Choice of justice fits society's makeup, Georgia supporters say

The historic nomination of Sonia Sotomayor to the U.S. Supreme Court is a major step toward making the nation's highest court reflective of the nation's diverse society, supporters say.

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President Barack Obama's choice to replace Justice David Souter is a New Yorker of Puerto Rican descent and modest beginnings who was raised in a Bronx public housing project.

If the Senate confirms her nomination, Sotomayor, now a federal appeals judge, will be the first Latina and third woman overall to serve on the high court.

Of the nine current Supreme Court justices, one is an African-American man and one is a woman.

"The court should be representative of all Americans. It is a little more representative now than it was this morning," said Eric Segall, a Georgia State University professor who teaches federal courts and constitutional law.

"The fact that we do not have any Hispanics on the court is a glaring omission," said Jerry Gonzalez, executive director of the Georgia Association of Latino Elected Officials. "I'm proud that President Obama has looked at that.

"I do think that she would be a good justice, and I hope they moved to confirm her quickly," Gonzalez added.

State Rep. Pedro Marin (D-Duluth), like Sotomayor of Puerto Rican descent, was "ecstatic" about the nomination choice.

"I am glad that the Supreme Court will become more representative of the diversity we enjoy in our society," Marin said.

The Rev. Joseph E. Lowery, the veteran civil rights leader, called Sotomayor's selection "a compelling story of the American dream fulfilled."

"From public housing to the highest level of public service in the judiciary is an incredible journey rendered even more remarkable by the fact that she is a woman and a minority," Lowery said in a statement.

Republicans have pledged a fair confirmation hearing but have expressed concerns that Sotomayor may rely on personal experiences rather than constitutional principles in making decisions.

The Judicial Confirmation Network, a conservative group, was blunt in its criticism of Sotomayor's nomination, calling her in a statement "a liberal judicial activist of the first order who thinks her own personal political agenda is more important than the law as written."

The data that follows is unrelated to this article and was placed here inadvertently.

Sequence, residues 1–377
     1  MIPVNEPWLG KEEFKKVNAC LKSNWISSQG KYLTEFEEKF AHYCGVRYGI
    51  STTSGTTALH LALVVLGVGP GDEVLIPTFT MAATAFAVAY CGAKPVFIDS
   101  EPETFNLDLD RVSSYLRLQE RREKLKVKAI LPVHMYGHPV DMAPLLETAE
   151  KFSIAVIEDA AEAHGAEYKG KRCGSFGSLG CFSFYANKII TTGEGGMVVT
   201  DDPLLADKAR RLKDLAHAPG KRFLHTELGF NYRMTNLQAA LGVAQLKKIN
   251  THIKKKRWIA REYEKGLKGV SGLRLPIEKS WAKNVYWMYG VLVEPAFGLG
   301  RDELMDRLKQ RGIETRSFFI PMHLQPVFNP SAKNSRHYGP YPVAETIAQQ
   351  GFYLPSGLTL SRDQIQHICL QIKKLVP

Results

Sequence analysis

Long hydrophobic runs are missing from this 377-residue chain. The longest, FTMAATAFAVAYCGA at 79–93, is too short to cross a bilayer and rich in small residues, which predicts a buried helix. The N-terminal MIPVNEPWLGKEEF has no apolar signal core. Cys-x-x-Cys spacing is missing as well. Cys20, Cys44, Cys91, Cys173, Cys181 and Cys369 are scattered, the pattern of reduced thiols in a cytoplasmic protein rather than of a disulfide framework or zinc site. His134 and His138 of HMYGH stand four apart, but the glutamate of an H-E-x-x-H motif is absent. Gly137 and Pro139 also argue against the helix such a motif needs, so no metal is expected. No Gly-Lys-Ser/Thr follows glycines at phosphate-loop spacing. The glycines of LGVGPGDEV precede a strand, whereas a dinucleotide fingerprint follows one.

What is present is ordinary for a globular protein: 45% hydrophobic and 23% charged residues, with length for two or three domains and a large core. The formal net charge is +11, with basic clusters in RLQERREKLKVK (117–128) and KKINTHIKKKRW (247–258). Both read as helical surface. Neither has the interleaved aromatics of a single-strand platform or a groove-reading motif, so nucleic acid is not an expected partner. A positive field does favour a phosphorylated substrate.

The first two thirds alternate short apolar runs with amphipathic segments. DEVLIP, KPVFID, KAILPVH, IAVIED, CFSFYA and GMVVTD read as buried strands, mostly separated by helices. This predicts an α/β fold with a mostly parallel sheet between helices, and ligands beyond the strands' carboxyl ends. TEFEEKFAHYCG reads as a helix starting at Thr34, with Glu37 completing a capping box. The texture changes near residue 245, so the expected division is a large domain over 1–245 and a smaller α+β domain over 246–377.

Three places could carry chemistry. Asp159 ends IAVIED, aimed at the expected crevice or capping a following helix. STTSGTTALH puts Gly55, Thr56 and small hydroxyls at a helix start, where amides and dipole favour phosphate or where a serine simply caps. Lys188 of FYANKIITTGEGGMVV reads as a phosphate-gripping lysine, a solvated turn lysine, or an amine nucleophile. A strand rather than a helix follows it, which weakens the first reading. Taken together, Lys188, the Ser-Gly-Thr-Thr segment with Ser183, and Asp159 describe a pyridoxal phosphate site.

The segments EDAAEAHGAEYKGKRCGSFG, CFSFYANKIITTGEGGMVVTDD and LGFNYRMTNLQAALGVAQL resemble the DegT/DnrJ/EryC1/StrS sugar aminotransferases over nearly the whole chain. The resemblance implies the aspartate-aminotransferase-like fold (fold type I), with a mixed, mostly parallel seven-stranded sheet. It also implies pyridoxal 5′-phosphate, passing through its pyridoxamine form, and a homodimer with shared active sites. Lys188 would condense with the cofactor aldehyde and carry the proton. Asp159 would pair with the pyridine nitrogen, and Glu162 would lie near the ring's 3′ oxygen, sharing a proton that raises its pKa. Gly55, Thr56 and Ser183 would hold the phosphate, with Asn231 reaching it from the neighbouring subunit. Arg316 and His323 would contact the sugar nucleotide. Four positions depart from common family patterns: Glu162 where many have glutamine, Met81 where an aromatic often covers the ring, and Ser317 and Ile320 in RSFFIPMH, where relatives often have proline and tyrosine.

In introducing Sotomayor as his nominee, Obama praised her as "an inspiring woman" possessing intellect and judicial experience.

Lori Ringhand, a professor of constitutional law at the University of Georgia School of Law, called Sotomayor's choice interesting though not surprising.

The former Manhattan prosecutor had appeared on many short lists of possible nominees.

"She will probably draw a little bit of fire during the confirmation process, but that's not surprising," Ringhand said.

Ringhand said Sotomayor's opinions are very close to Souter's, who over his 19 years on the high court gradually drifted toward the court's liberal wing.

"In the short term, her replacing Souter will not make a dramatic difference in the output of the court," she said.

If there is a challenge Sotomayor will face, Segall of Georgia State said, "it is that she is more moderate than five other members of the court."

Sotomayor, who at 54 would be the youngest justice on the court, could find herself ruling on cases pertaining to the Voting Rights Act, the ability of local governments to engage in affirmative action, or the minutiae of the electoral process.

"You'll never know what is important in 10 years," Ringhand said. "It's almost impossible for the president and the Senate to predict what's going to matter to them."